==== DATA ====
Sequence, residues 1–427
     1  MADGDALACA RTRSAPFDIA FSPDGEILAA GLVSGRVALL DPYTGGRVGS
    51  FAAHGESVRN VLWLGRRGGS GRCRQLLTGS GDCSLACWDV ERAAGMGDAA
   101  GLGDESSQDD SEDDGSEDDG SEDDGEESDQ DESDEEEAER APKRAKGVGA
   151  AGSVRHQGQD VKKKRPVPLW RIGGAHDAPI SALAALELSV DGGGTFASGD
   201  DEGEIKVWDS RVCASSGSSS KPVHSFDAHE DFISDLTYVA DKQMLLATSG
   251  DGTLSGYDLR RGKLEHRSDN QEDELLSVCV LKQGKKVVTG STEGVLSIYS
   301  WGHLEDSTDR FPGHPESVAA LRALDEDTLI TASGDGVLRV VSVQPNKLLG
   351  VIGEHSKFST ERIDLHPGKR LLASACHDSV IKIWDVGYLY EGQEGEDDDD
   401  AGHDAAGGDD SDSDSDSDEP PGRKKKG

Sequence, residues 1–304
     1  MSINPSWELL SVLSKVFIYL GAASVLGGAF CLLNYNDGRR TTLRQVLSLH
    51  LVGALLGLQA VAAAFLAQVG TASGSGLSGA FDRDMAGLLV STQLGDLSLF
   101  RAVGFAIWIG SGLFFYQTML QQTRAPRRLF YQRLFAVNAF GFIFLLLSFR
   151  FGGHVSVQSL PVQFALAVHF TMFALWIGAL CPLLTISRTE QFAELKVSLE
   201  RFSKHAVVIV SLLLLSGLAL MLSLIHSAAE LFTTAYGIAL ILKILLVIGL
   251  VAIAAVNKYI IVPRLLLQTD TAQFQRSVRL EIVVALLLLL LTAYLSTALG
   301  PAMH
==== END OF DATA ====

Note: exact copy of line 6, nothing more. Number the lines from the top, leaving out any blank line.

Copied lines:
   201  DEGEIKVWDS RVCASSGSSS KPVHSFDAHE DFISDLTYVA DKQMLLATSG